Olivier Ball: Olivier is a tutor in Environmental Management at NorthTec, Whangarei, where he teaches ecology, conservation science, data analysis and research. He has also participated in several collaborative research projects, most significantly, a detailed study of invertebrate communities within the North Cape-Te Paki biodiversity hotspot in northern Northland. He loves a good BioBlitz.

The ancestral lands of Ngāti Manu, located in the Karetu Valley in Northland, New Zealand, were the site of a BioBlitz in October 2019, the first of three such events. I te 2019, i Oketopa mai te maramataka o Ohua ki Oturu, he tūnga mō te BioBlitz kei te mana papatupu o Ngāti Manu i te whārua o Karetū i Peiwhairangi o Aotearoa.

This is part of a collaborative project led by members of the hapū involving several local and national organisations. 
Ko Pōkai o Ngāti Manu he hinonga o Ngāti Manu nā tēnei whakatakanga ki ētahi atu rōpū kaiwhakahaere a-rohe, a-motu rānei mahi tahi ai.

The goal of a bioblitz is to document all species encountered within a specified area in order to understand the biodiversity that resides there. The planning for three BioBlitz projects over the next three years was in consultation with the Māori calendar (moon phases) or Mātauranga Māori to inform best practices around Tāne, Tangaroa and Papatūānuku.
Ko te whainga mātua o te BioBlitz, nō mai i ngā mauhanga tonu o ngā momo rauropi ki te takiwā kei te whārua o Karetū, me marama pū e pā ana ki ngā whakapapa kanorau koiora e noho kāinga ana. E ai ki te maramataka ki ngā tikanga mahi o te BioBlitz e pā ana ki a Tāne rātou ko Tangaroa, ko Papatūānuku nei rā te wā tika, te wāhi pai, te wānanga ako.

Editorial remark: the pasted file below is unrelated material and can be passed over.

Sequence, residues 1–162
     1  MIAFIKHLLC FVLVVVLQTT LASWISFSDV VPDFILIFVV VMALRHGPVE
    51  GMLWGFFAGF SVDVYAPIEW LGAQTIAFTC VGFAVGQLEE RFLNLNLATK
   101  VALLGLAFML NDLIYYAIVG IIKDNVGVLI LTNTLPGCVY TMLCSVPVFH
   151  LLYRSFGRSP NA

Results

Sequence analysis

The effects of European colonisation, including assimilation and the degradation of the natural environment have had a devastating effect on the wellbeing of the tangata whenua, and have created barriers for Māori in their ancestral obligations as kaitiaki. 
E hia kē mai ngā iwi taketake o Aotearoa e mōhio pū ana ki te kino o te tāmitanga a tētahi iwi mātua, nā ngā ture me āna uaratanga ki tōna reo me ōna tikanga a te iwi taketake o Aotearoa i whakapākehā, nā ngā ture me āna uaratanga ki te kakahu o Papatūānuku i whakapūwhenua. Inā te awenga e ikitia ana te oranga o te mana whenua e ārai nei e te mana whenua ki tōna haepapatanga ki tōna papatupu hei kaitiaki.

As a whānau, the BioBlitz is seen as an important initial step in the process of correcting this situation. E ai ki a Ngāti Manu, nā Ngāti Manu, mā Ngāti Manu ki tēnei tukanga o te Bioblitz he hononga a whānau e whakahaere, e whakaārahi.

As well as members of the local hapū, NorthTec students and independent individuals, volunteers in the first bioblitz in October 2019 included staff from NorthTec, the Northland Regional Council, University of Auckland, Auckland Museum, Whitebait Connection, Enviro Schools and Forest and Bird, many with skills in identifying birds, herpetofauna, mammals, fish, terrestrial invertebrates, freshwater invertebrates and plants. Ka mana te kōkiri a ētahi o Ngāti Manu, a ētahi akonga mai Northtec, a ngā tūao ki ngā mahi Bioblitz arā rātou ko ngā kaiako mai Northtec, he tangata mai a Northland Regional Council, a Auckland University, a Auckland Musuem, a Whitebait Connection, a Enviro Schools, a Forest and Bird hoki. Kei i a tangata he pukenga ki te tāutuhia i ngā momo manu, momo mokoweri, momo ika, ngai kīrehe, momo tuaiwi-kore, momo whai tuaiwi, momo whāngote anō hoki.

Many taxa were recorded during the three-day BioBlitz including several significant species. Kei ngā rangi e toru, maha ake ngā momo rōpū i mauhanga, a tae atu ana ki ngā momo rōpū hiranga.

The BioBlitz provided a unique opportunity for all participants to enhance, embrace and embed their knowledge of both Mātauranga Māori and western science, and assisted Ngāti Manu in their goal of assessing the health and wellbeing of their takiwā. Nā te whakatakanga mai a te BioBlitz he whiwhinga mā te huinga katoa ki ngā Mātauranga Māori me te western science e tītike, e pūpuri, whakararau ai. I te mutunga iho, nā Ngati Manu, mā Ngāti Manu e ai ki a Ngāti Manu ki Te Herenga o Ngāti Manu.

Ultimately, it is hoped that this will help Ngāti Manu to exercise rangatiratanga and kaitiakitanga over their whenua, awa and moana in accordance with their tikanga. Tuia ki te muka tangata, ka rongo te pō, ka rongo te ao, tuia ki te here tangata i takea mai, Whano! Whano! Haramai te toki, Haumi e, hui e, taiki e